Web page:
STMs have been around for 25 years and are routinely used to obtain atomic-scale images. STMs work by measuring the currents produced by electrons as they tunnel from a conducting sample to the sharp probe tip of the microscope. However, one major drawback of STMs is that they are limited in their temporal resolution, or bandwidth, to frequencies of about 10-100 kHz because of stray capacitances in the tunnel current readout circuits. These "parasitic" elements, which are introduced when amplifying the tiny current signals so they can be read, degrade the bandwidth by creating electrical short-circuits at high frequencies.

Now, Kamil Ekinci and colleagues at Boston University and Cornell University have now succeeded in increasing this bandwidth to 10 MHz -- a 100-fold improvement. The researchers did this by incorporating a resonant inductor-capacitor circuit into the STM that essentially nulls out the parasitic elements allowing changes in the tunnelling current to be measured over much shorter timescales than before.

"The main advantage is that we have now have access to the 'high-frequency signal components' of the tunnel current," Ekinci told physicsworld.com. "This means that if the current changes on fast time scales, we can detect it. Large bandwidth basically allows us to see these faster signals."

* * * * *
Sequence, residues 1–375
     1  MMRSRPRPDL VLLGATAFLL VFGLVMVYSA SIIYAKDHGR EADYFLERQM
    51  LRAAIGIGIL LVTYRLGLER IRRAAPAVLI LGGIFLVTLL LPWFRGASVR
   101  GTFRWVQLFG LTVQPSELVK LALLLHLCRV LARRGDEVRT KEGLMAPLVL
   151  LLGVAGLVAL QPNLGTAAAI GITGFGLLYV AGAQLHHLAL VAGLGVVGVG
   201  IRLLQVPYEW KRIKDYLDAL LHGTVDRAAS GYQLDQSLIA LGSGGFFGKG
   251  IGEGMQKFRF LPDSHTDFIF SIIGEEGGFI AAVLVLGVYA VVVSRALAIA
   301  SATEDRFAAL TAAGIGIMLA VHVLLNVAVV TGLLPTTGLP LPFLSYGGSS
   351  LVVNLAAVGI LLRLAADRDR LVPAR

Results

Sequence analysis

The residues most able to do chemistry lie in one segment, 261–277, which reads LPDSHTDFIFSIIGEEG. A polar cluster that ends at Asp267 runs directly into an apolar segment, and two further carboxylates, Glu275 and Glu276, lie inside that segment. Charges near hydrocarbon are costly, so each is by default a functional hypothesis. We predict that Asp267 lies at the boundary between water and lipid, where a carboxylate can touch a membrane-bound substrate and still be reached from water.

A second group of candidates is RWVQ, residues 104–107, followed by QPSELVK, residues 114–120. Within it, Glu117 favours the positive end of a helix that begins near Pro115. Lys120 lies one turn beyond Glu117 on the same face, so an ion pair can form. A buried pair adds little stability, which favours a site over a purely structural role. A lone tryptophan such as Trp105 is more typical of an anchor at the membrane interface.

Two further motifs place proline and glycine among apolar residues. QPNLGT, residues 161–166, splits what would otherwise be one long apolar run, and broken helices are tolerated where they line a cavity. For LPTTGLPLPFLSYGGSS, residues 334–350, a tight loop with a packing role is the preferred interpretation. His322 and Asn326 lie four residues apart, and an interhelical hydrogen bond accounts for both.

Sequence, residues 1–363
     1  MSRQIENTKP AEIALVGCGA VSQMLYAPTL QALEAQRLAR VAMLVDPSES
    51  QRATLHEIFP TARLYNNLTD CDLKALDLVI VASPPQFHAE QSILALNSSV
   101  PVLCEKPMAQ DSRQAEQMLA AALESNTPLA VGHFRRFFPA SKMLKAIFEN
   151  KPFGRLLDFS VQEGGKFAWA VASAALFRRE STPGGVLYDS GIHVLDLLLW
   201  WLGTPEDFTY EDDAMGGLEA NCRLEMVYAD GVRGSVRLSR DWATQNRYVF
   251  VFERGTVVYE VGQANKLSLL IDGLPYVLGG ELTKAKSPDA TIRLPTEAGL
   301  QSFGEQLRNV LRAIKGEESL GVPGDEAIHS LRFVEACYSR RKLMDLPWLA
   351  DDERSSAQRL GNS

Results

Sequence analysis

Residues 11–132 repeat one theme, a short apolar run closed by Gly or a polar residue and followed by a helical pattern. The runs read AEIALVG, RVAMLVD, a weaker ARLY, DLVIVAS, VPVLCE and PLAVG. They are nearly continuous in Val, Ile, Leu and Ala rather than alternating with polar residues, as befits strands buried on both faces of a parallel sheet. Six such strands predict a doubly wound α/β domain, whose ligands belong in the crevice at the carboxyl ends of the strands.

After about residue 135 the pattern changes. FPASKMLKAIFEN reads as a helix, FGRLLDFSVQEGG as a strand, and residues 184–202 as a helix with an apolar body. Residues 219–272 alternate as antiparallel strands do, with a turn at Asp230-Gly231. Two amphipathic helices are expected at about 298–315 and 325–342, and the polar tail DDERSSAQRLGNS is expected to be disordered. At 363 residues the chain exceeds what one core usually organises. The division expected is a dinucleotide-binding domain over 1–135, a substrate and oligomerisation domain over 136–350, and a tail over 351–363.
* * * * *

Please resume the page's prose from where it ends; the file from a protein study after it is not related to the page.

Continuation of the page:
The new technique permits two types of novel application: fast temperature and motion/position measurements at the nanometre scale. "Researchers may want to modify their existing STM set-ups using our technique, something that is quite straightforward to do," suggests Ekinci. "The tool may be useful for people studying exotic materials like superconductors and they may be able to perform some new measurements not possible before. The technique might also come in handy for research on electron spin currents and may allow quantum-limited position measurements. The list goes on."

Ekinci's team is already building the next generation of RF STMs where they can better control the temperature and vacuum conditions in the microscope. "Once this is done, it will be a powerful tool that we can use for experiments," he adds.